A History of the World in 100 Objects…

Ok, my Kindle has officially packed up. Yes, first it just froze, then started working again a few weeks later, then while on the camping trip to Bucklegrove, the screen has gone.

Anyway, it’s paper books all the way for a while till that’s fixed. Either way, the Kindle wouldn’t have been able to present ‘the history’ in anywhere near the same high quality way, compared to the paper version. If I had an ipad, I could have downloaded it in full colour.

But, A History of the World in 100 Objects is well researched and interesting, with some very good images. There is a good background section to each of the objects and each is used to explain a period of human history, from the Stone Age to our present.

If anyone I know wants to borrow it then be my guest – it’s fairly expensive but well worth a look, especially if you are interested in history or human psychology. As a printed format, it works well and i’m not convinced that the original radio format was the best way to convey the details, given that seeing the objects is a major part of the experience of an object, for most people. A picture is worth a thousand words.




History seems to be popping up everywhere… Ok, yes, statement of the week! That’s obvious (well, more like popping out), but lately there have been quite a few separate events about history.

Andrew Marr’s ‘Making of Modern Britain’, just reading about theĀ First World War. This is particularly interesting as i’ve actually never learned about it – yes the school system is that good! ; ) Anyway, some very interesting things about the background behind what was happening and in particular the total bollocks that the famous persons of the day nearing made of the whole situation. Churchill and Lord Kitchener in particular, the latter the famous face of the ‘Your Country Needs You!’, were apparently busy ordering millions of the wrong shell types, building naval fleets which didn’t stop the Germans shelling east coast towns and the famous Gallipoli Campaign, where at least 50,000 British, Australian and New Zealand troops died in a futile exercise.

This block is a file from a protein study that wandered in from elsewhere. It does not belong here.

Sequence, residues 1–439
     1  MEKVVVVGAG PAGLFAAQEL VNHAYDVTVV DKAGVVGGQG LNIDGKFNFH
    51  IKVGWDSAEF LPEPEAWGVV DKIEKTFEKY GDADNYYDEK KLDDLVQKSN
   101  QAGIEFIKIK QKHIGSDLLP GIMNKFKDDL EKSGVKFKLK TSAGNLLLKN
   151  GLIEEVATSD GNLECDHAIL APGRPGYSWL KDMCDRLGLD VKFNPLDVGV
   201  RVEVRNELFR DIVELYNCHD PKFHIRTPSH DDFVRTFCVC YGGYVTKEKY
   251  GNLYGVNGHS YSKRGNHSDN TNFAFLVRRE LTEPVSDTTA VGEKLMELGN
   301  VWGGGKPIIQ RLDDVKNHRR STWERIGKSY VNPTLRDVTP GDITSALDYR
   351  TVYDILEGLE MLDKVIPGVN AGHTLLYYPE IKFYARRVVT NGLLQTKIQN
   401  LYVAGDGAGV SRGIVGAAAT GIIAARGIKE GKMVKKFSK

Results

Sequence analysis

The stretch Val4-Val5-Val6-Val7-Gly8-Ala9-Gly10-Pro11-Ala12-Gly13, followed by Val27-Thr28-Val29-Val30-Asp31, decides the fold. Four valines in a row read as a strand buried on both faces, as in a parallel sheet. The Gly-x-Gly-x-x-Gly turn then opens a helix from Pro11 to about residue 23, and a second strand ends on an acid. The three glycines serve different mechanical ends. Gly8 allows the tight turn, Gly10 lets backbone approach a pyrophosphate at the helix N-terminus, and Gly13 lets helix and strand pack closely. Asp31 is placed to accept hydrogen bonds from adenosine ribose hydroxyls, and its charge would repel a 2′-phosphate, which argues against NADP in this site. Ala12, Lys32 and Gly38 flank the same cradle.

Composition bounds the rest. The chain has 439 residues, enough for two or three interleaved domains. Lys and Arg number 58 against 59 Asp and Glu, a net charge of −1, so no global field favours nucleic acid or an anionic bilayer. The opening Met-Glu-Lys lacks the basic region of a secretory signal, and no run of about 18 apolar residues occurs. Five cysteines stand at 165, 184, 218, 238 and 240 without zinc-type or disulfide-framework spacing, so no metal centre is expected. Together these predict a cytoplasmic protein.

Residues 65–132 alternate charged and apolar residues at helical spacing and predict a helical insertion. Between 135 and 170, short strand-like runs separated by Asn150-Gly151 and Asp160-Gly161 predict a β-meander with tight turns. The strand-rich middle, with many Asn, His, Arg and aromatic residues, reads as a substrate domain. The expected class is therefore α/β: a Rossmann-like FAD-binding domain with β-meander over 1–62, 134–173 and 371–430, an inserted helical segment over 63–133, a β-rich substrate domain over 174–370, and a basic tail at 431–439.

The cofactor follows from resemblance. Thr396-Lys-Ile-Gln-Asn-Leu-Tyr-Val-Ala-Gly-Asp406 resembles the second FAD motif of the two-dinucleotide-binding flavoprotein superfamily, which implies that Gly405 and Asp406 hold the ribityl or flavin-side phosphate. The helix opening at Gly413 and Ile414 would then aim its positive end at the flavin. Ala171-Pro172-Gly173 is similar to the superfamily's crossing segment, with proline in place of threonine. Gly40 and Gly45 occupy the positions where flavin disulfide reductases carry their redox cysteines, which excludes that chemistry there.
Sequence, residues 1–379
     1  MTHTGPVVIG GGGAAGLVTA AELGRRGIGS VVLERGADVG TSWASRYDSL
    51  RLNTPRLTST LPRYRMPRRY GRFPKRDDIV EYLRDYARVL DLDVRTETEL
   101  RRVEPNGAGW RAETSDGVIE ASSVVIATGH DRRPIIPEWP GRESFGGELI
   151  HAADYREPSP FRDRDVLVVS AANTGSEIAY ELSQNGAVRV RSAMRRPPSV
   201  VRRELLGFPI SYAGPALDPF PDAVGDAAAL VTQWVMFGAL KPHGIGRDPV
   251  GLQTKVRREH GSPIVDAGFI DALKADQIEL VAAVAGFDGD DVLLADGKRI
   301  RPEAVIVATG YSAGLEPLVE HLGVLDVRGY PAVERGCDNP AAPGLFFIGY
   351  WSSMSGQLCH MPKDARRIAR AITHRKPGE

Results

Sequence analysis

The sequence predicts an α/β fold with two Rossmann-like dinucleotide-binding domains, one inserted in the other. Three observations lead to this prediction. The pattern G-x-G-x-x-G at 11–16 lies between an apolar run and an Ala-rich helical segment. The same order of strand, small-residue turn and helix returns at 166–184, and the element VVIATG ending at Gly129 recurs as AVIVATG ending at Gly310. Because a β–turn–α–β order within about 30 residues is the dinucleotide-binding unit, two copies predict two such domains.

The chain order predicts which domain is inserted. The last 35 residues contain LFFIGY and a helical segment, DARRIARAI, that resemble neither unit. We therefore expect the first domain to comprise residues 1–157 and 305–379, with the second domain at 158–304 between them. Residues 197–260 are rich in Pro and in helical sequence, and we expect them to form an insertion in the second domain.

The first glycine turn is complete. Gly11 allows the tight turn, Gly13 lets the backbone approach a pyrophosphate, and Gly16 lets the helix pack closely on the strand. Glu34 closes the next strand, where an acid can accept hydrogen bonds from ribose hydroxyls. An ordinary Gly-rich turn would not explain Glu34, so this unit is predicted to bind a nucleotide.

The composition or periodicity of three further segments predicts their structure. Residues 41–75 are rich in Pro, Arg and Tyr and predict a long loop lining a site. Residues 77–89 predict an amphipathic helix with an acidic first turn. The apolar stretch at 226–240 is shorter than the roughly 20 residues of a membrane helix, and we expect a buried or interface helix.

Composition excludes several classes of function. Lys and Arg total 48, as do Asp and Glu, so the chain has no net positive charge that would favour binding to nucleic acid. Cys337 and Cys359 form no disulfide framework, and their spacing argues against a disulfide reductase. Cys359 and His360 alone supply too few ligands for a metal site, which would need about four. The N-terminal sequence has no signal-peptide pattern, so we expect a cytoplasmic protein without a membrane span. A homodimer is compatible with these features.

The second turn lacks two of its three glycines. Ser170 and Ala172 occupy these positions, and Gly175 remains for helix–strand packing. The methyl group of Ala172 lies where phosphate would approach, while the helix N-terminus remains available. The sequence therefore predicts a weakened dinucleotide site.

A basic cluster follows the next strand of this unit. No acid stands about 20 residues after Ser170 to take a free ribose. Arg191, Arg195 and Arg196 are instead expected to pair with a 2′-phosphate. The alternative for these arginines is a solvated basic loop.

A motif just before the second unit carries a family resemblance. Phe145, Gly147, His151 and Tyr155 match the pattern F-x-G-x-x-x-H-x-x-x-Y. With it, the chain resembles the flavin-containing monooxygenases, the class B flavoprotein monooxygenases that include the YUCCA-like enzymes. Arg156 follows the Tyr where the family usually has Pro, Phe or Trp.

Last weekend I was in Bristol helping Mum shift some stuff around her house (which she’s in the process of moving out of), and picked up a book titled, ‘The Black Death’ – yes, very random but the few pages i’ve read are pretty shocking. Mum was an archaeologist in a previous life and still has the piles of books to prove it! The first line on the rear of the book reads, ‘At the most cautious estimate the Black Death killed one third of Europe’s inhabitants between 1347 and 1350.’

Through work, i’ve been focussing a lot more on the urban development of Gloucester and the specific development periods between the formation of the settlement by Romans in AD 86. This is for a site in the centre which is being argued over right now and because of the, shall we say, less than understanding approach of the architect, we’ve all become much better informed about the local context!

There was a Channel 5 program on last night on Egypt, which me and Jamie watched – Jamie was very excited about the shots of the Pyramids! He was just chattering away about all the tunnels and sand and beaches and columns (!) and trees etc.

It was generally about the Valley of the Kings and how burials of Pharaohs shifted from Pyramids and above ground structures, to underground tunnels etc in different areas. It showed some very cool graphics of all the tunnel burial systems and how they thought that getting deeper in the ground meant getting closer to the Nether world, and therefore closer to their ultimate goal – apparently not to hide their tombs, given that hundreds of workers would have built the tombs and therefore would have known the locations.

Another part talked about how once the Pharaohs burial sites shifted to a different capital, there was no royal structure to pay the wages of the skilled workers who created the tombs. The state then shifted to official tomb raiding to ‘recycle’ the massive amounts of gold in the tombs.

Claire also just told me about a friend of hers who is thinking about doing a degree in history through the OU. Nice one!

I’ve been thinking about signing up to a drawing course for a while – this might inspire me!